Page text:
Did direct monitoring by the government help in tackling the situation?
The radical turnaround in death rate was possible due to the single-minded focus on initiatives that would directly help prevent deaths, as well as daily monitoring of the status of critical patients. Emphasis on timely implementation of crucial initiatives yielded positive results and prevented deaths which restored public confidence in Delhi government’s hospitals. Direct monitoring has rebuilt public confidence in Delhi govt hospitals. Health team directed the best performing and worst forming hospitals to analyse their system and suggest specific interventions that need to be scaled or changed. When Delhi began to unlock in early June, GNCTD had stressed to Health Department officials that the biggest priority was to ensure minimal deaths due to Covid-19. Multiple initiatives were taken specifically keeping this objective in mind, and monitoring which led to a major decline in COVID deaths between early June and July.
What are the key initiatives that were responsible for the reduction of COVID deaths in Delhi?
As I said widespread testing, oximeters, responsive ambulance system, Availability of beds & Corona App are among the key initiatives. Moreover, seeing the number of deaths increase in early June and based on conversations with several health experts and doctors, the expansion of ICU beds was an important initiative. From less than 500 ICU beds in early June, Delhi today has over 2200 ICU beds in COVID hospitals, about 1400 of which are vacant. From an average of 5,500 tests per day, Delhi scaled-up testing capacity to reach an average of 21,000 tests per day in early July itself. Testing is robust now. Delhi government also decided to provide Oximeters for free to all home isolation patients. A total of 59,600 oximeters were purchased and distributed. This ensured that patients in home isolation could monitor their vitals and in case of becoming serious, would lose any precious time in transferring to hospitals.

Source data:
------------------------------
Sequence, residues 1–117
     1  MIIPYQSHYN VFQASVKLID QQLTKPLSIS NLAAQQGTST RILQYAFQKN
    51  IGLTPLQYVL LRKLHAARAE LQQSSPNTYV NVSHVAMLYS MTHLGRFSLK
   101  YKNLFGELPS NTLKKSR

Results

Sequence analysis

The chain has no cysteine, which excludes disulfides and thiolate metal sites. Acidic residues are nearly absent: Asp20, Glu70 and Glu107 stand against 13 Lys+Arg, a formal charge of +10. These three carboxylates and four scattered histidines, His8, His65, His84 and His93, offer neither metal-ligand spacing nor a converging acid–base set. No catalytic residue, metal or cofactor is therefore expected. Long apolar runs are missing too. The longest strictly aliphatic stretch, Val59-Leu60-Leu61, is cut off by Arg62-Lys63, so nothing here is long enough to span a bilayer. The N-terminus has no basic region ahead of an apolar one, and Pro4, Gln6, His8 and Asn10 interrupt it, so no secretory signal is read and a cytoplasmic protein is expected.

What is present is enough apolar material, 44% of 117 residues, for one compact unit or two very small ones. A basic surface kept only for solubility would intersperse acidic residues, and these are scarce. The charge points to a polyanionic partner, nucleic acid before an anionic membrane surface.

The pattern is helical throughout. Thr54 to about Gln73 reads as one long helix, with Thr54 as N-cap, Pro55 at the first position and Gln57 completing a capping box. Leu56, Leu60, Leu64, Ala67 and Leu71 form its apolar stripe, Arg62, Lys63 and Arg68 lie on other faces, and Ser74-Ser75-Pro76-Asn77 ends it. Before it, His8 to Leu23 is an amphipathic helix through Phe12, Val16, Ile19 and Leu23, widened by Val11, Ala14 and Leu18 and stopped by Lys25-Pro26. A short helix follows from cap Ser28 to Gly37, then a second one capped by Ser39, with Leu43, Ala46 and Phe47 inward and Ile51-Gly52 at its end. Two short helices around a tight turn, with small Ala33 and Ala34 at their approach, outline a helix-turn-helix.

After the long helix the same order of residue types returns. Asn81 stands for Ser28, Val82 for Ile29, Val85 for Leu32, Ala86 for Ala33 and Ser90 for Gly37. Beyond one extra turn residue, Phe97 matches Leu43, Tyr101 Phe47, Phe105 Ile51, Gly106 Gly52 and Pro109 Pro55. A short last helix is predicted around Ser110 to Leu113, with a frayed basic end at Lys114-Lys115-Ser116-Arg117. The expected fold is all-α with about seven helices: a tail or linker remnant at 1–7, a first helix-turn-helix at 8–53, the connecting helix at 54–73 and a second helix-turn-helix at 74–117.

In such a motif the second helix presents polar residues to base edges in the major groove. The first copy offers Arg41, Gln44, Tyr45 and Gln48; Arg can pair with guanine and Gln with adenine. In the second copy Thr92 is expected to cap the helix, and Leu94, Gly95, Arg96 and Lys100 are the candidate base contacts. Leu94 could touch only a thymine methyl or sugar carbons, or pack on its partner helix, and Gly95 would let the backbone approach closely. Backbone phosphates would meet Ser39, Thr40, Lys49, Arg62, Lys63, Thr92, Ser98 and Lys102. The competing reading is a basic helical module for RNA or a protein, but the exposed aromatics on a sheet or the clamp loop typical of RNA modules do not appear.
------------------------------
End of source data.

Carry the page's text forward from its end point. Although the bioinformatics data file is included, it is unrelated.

Does Responsive Ambulance System help in quick access to treatment?
Based on observations in many states where government ambulance system could not cope with the surge in COVID cases causing dangerous delays in the transfer of critical patients to hospitals, in some cases, even deaths, the rapid expansion of ambulance fleet right at the beginning of lockdown was a priority. Daily reports of ambulance fleet and response times were monitored. The ambulance fleet increased from 134 at the beginning of lockdown to 602 in July, and the response times dropped from an average of 55 mins on average to 20-30 mins. It helped people a lot.
Do you think, RGSSH played a significant role in what we now refer to ‘ Delhi Model’
Of Course, Rajeev Gandhi Super Speciality Hospital had a very low death rate as we focused on this right from the very beginning. Now, we have been asked to share our best practices so that the same could be adopted in other hospitals. Our patients, who were treated here, share their experiences which are very encouraging for us. Intending to further reduce death rates, GNCTD has directed Health Department officials to focus on government hospitals with the highest death rates or those having the highest proportion of deaths taking place in wards instead of ICUs, and recommend specific measures that need to be adopted. Analysis of deaths from 1-23 July revealed that the government hospitals with the highest death rate are RML (39%), Safdarjung (35%), GTB (22%), AIIMS Delhi (20%) and LNJP (15%). The percentage of deaths that took place in wards in these hospitals in the period 1-23 July was 43% in RML, 42% in GTB, 38% in LNJP and 18% in Safdarjung.